No Guns Life – 20 – A Beautiful Pipe Dream

When Juuzou runs off, Wachowski assumes Tetsuro is still controlling him. Juuzou has no problem taking care of the Spitzbergen operatives sent after him, but since he never speaks we’re not entirely sure either until a very awake Tetsuro speaks to Wachowski.

Since this is after Wachowski sent Kunugi to help fight Juuzou, that leaves the old man in the wheelchair to the mercy of the kid who hacked his own sub-brain in order to control his own body. Juuzou didn’t come here to solve all of his problems for him, but to help him solve them himself.

Tetsuro offers to cooperate until Seven is defeated (keeping Juuzou out of the equation) but only if Spitzbergen ceases their terrorist activities. Wachowski regales Tetsuro with the story how how Berühren became twisted into an eternal life-support system for its four founders, and how he founded Spitzbergen to expose that rot. Only Spitzbergen also became twisted by extremists and anarchists.

For this reason, Wachowski needs Device 13, which has a setting no other Gun Slave Unit has, and which is his fail-safe against Wurzel. 13’s sacrifice will thus eliminate Berühren and with it Spitzbergen’s need to keep fighting, ushering in a new era of peace. When Tetsuro doesn’t buy it and furthermore would accept Juuzou’s sacrifice, Wachowski reveals he’s an Extended and bursts out of the suit in a a super creepy, absolutely bad-ass sequence.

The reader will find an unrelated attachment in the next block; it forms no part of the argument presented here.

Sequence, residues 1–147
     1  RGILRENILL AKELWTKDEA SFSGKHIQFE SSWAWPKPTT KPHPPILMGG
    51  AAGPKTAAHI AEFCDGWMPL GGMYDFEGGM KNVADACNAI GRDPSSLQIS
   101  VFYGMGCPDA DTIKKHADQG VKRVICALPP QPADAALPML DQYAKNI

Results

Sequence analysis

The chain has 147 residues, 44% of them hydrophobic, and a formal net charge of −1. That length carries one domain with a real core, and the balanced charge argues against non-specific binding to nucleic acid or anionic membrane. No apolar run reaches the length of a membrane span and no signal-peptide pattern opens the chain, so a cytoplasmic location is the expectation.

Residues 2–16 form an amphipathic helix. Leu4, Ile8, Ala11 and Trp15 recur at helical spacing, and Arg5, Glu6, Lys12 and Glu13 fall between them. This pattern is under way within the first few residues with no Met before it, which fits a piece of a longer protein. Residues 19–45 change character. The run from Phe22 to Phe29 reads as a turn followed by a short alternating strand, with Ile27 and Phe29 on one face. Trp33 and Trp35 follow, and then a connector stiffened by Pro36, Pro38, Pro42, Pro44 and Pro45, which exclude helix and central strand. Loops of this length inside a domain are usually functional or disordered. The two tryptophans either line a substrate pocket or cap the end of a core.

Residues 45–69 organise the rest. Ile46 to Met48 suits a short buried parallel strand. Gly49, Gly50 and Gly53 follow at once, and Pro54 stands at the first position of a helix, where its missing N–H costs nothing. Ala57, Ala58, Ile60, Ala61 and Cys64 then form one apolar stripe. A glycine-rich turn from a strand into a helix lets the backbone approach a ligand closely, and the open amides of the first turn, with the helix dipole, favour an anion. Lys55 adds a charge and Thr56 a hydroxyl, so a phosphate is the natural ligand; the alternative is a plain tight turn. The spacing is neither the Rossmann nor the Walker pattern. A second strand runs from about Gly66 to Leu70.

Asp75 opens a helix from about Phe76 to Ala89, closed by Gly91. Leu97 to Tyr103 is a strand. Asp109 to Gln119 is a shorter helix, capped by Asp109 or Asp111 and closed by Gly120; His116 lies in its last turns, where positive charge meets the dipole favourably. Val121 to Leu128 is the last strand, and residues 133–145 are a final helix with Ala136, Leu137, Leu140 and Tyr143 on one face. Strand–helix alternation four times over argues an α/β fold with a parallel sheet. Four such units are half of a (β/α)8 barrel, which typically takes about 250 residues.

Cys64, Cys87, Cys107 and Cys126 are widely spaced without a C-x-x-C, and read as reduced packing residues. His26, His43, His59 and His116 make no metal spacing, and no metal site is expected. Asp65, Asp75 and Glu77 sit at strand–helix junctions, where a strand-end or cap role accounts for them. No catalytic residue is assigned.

As Juuzou is content to fight Kunugi (who is apparently Kronen’s senpai) and his henchmen as long as they want, Tetsuro grabs hold of his pipe dream of getting everything he wants without losing anyone he cares about. Its “beauty” is something from which he can’t turn away, so he’ll fight for that dream until his last breath—or in this case, Harmony scream.

No Guns Life – 19 – For the Sake of the Selfish

While Tetsuro talks with Mary about her dealings with Victor (she’s satisfied for the time being but still wants to launch her boob rockets at him) Juuzou chats with Edmund, whom we learn was Five’s Hands. When Edmund abandoned him so he could be turned back to normal, Five took it as a betrayal, especially since the military tried to eliminate him and all the other Gun Slave Units.

Juuzou tells Ed that Five then started a rebellion with other GSUs and their Hands, whom Juuzou eventually dealt with. As Tetsuro tells Mary that of the thirteen pairs of GSUs and Hands, only four remain, two of whom are in Wunder Bender and the other two of whom are Juuzou and Seven.

We get a brief look at Juuzou back when his Hands named him, using the Japanese number 13 as the basis. Back in the office, Tetsuro confronts Juuzou about his role in the elimination of the nine GSU deserters, and his realization Juuzou is a resolver to atone for that crime, something to which Juuzou takes exception.

Having learned about his own role in financing Spitzbergen, Tetsuro considers how he can ever similarly atone for the death and suffering his past actions have caused. Juuzou assures Tetsuro that what was done in the past isn’t as important as what he’ll choose to do now that he knows. Whatever his worth was to others back then, now he gets to decide his own. Juuzou clearly speaks from experience.

At Berühren HQ Pepper and Seven prepare to move out, they seem to have a keen sense that they’re about to cross paths with Juuzou again soon. That’s because after their chat, Tetsuro makes his choice and uses Harmony to take control of Juuzou and have him carry his body to Andy Wachowski.